- This comparison tool should be used only while shortlisting companies operating within the same sector. For example, Telecom and IT companies may exhibit a higher PE as compared to the companies in the manufacturing or textile sector.
- In some industries such as Financial Services, Cement Industry, etc., other valuation approaches are considered more appropriate.
- P/E ratio may not be suitable to value companies in an industry that has high entry barriers.
- The accuracy of the PE ratio depends on the accuracy of its inputs such as EPS and MPS. While the market prices are readily available, the same cannot be said about the earnings which the companies report themselves. Some companies may manipulate the data to skew the price-earnings ratio.
- While calculating the forward-looking P/E ratio, one may use past EPS to determine future performance. If the company has a P/E Ratio of 15 today, it means that the company will continue to provide you Rs 15 on every rupee it earns. However, there is no guarantee that the company will continue to experience the same growth because macro variables, sector-specific trends, change in regulation, etc may change.
- P/E Ratio makes use of only the earnings and market price of an equity share. It doesn’t consider the debt aspect of the company. Some companies are highly-leveraged and can be considered as risky investments. However, the P/E Ratio will not show this aspect.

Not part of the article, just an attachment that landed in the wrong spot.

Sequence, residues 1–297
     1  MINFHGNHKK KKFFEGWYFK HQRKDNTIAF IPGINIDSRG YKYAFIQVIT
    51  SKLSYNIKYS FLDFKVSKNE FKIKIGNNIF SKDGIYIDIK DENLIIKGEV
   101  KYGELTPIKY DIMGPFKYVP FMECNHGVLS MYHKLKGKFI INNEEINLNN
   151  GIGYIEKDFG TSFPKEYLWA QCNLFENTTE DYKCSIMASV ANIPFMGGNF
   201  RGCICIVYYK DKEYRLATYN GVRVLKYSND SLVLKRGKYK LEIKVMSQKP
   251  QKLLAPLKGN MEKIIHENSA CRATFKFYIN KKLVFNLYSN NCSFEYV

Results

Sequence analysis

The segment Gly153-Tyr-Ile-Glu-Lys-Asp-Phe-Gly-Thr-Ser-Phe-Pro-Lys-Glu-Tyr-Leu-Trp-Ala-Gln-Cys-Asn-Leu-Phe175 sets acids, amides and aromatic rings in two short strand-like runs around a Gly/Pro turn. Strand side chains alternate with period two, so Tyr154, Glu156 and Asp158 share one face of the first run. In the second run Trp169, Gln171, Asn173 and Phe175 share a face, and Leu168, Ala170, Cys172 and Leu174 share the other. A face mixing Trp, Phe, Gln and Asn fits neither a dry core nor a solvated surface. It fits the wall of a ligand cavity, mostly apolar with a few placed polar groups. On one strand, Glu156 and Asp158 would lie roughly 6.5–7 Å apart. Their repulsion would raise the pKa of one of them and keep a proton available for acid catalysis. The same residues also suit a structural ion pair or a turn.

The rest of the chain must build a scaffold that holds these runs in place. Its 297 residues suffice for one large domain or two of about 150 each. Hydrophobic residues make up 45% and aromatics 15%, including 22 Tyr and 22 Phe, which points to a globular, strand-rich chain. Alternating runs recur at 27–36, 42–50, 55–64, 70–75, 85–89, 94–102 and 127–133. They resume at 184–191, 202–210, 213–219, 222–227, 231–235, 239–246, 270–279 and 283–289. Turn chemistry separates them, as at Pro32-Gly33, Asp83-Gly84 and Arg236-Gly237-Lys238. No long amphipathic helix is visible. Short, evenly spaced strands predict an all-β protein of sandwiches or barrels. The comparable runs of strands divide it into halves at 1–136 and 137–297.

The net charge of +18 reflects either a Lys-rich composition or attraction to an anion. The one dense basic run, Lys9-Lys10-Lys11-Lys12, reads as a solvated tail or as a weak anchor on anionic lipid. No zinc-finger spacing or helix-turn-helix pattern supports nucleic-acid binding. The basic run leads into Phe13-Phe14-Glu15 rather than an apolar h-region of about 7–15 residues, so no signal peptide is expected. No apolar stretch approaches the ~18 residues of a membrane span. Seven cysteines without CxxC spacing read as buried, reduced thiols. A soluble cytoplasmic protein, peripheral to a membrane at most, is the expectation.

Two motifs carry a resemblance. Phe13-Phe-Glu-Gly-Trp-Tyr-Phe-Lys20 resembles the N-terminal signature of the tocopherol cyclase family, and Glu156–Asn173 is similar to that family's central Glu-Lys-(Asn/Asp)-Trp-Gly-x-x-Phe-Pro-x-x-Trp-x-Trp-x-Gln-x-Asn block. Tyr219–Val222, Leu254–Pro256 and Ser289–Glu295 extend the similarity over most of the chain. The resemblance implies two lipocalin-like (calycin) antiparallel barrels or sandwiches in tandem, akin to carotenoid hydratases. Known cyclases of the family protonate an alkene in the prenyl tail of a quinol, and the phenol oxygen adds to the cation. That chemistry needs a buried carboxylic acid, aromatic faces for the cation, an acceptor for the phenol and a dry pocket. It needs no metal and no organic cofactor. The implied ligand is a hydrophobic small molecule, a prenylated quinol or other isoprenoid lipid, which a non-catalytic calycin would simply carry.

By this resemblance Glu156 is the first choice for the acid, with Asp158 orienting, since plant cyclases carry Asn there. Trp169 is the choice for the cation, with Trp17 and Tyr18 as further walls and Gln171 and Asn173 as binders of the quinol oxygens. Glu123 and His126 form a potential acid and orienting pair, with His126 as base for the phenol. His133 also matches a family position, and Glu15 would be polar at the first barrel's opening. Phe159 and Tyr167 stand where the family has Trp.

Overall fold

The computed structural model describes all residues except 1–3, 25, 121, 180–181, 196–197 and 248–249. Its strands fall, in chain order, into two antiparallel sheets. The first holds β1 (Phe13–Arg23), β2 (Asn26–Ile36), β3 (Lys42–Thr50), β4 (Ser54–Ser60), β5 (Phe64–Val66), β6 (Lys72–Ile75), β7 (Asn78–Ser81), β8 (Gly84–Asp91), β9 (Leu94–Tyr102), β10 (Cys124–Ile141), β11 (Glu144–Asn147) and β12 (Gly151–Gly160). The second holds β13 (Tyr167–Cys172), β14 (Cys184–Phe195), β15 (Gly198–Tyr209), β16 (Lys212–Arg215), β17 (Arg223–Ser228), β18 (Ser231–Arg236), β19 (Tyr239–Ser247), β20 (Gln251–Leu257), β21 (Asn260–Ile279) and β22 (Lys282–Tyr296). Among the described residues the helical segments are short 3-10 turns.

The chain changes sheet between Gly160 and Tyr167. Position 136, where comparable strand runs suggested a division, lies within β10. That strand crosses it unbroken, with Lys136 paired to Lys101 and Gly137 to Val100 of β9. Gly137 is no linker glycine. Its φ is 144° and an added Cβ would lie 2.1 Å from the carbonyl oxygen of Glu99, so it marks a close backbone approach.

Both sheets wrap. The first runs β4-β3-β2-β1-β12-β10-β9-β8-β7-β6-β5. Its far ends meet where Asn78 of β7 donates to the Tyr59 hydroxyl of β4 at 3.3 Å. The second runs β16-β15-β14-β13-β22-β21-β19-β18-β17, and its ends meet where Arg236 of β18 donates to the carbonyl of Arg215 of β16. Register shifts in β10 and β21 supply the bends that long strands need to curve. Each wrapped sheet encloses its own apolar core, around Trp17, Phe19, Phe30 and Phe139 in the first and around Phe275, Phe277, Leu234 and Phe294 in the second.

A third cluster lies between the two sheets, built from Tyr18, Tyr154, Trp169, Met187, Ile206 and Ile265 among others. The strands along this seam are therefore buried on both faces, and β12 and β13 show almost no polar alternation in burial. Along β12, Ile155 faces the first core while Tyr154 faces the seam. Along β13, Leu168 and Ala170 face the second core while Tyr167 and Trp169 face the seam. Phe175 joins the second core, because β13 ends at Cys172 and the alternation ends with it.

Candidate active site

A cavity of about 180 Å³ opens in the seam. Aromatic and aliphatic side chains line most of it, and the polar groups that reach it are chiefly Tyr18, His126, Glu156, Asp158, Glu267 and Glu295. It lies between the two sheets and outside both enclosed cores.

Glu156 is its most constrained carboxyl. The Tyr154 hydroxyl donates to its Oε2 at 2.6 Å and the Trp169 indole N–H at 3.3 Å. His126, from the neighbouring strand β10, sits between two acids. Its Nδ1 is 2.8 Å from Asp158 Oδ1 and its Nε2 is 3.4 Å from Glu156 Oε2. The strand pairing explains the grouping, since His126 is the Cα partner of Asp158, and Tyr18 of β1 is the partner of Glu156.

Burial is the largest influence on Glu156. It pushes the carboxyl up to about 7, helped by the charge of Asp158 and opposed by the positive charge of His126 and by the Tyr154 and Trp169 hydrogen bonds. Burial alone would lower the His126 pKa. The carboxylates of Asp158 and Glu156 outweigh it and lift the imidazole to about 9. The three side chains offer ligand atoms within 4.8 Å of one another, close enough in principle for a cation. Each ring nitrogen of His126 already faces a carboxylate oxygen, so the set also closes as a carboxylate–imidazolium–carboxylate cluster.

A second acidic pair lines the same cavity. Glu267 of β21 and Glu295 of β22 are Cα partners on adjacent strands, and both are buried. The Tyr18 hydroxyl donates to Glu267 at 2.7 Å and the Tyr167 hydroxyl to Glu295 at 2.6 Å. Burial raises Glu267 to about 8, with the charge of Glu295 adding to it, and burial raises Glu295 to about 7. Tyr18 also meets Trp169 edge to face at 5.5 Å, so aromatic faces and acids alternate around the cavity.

- The ratio assumes that the earnings will remain constant soon. However, earnings are dependent on a lot of other things and are volatile.
- P/E Ratio doesn’t indicate whether a company’s cash flow is going to increase or decrease in the future. Ideally, an investor wants to invest in a company that keeps generating and increasing cash flows throughout its life.
- PE Ratio doesn’t give you any information about the quality of earnings of the company. If the company which is trading cheap has a poor quality of earnings, then it can’t be ideal, despite being a cheap investment.
Whether the PE ratio is high or low, a lot depends on other factors. Such as the industry, diversification, proportion, market conditions, etc. Many external factors also affect PE Ratio. For example, a merger and acquisition announced by a company will increase the ratio. Therefore, it is vital to analyze the background of the company, consider all other factors too, before one decides to invest.
The company, the management, growth plans, cost of capital, bottom-line and top-line indicators, the strength of balance sheet, etc. must be given due thought, before investing in a stock.
With so many factors to consider for choosing the right mutual fund plan to invest in. Finalizing the right one for your money is an intimidating task.
Therefore, you should take the help of professionals. Therefore, you should let WealthBucket assist you. Let us help you out in short-listing and personalizing your investment.